I love old recipe books. I have a collection of pamphlet-like books from the ’40s and ’50s published by GE, Imperial Sugar, Sunbeam and other companies. The recipes and headnotes (description at the beginning of a recipe) are fun to read, and the artwork runs the gamut from kitschy-cute to outright bizarre.
When I worked for a Texas lifestyles magazine, I had the privilege to edit a cookbook of recipes drawn from the magazine’s archives, which went back to the ’40s. It was such fun to read through those old recipes, household tips and “womanly advice.” Sometimes, though, the vocabulary of the recipes tripped me up. They called for things like “a slow oven,” “a half-gill of yeast” or “a teacup full of sugar.” I had to do a little research to find out what these meant and be able to test the recipes for the cookbook in a modern kitchen. (Slow oven = 250-300 degrees; half-gill = 4 tablespoons; teacup = 1/2 cup)
I also like how old recipes are often personalized, with the author leaving notes for herself. It gives a small window into her life and time. I’ve had to call my grandma before to get her to decipher certain notations on her handwritten recipe cards. Paying attention to personal details like these has made me more willing to scrawl in cookbooks, mark things out and even rewrite recipes in a way that makes sense to me. I hope my grandchild has to call me someday to figure out what I meant.
My mother-in-law also collects old recipe books and recently bought one called, “An Army Wife’s Cookbook.” Put together by the granddaughters of Alice Kirk Grierson, the book presents her recipes and household hints in her own words, then translates them for modern use. Grierson lived from 1828-1888, moving from Ohio to Illinois, then following her husband and the 10th Calvary west to Texas. Her voice is still very well preserved in her recipes, as you can see below in italics. (This recipe is for cookies, which were often referred to as “cakes” or “teacakes” in Grierson’s time.)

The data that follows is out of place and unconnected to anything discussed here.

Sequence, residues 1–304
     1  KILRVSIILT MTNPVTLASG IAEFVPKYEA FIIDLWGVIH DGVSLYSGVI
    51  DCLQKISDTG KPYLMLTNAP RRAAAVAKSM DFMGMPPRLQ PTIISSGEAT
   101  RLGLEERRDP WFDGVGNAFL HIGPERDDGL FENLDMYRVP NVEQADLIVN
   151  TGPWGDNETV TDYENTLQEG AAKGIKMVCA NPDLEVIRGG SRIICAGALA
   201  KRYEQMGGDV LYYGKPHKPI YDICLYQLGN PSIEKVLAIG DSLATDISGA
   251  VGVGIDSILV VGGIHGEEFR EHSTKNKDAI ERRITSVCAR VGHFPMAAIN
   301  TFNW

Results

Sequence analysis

Lillian King’s Little Nut Cakes
One pint of sugar–to which add four unbeaten eggs and cream. Then one pint flour and one pint of hickory nut meats mixed and added. One spoonful cinnamon, and grated nutmeg, mixed half and half. No milk, no butter. Nothing to raise them but the eggs. Butter long pan and drop on far apart. One teaspoon full for each cake. They bake very quickly and spread the right size. Buy nuts all picked out at confectioners.
2 cups flour
2 teaspoons ground cinnamon
1 tablespoon ground nutmeg
2 cups sugar
2 cups walnuts or pecans
Sift flour with cinnamon and nutmeg. Set aside. Cream the sugar and eggs together until mixture is thick and creamy. Add dry ingredients to the creamed mixture and work until thoroughly blended. Work in the nuts. Drop by heaping teaspoons onto buttered cookie sheets. Bake in a 350 degree oven for 10 to 12 minutes. Makes 8 dozen.
I’ll be giving a talk on “Cookbooks of the Past” this Sunday at 1:45 at the Heritage House Museum in Pflugerville. I’ll give away a few of the archival cookbooks mentioned above as doorprizes. If you’re in the area, come by and say hello!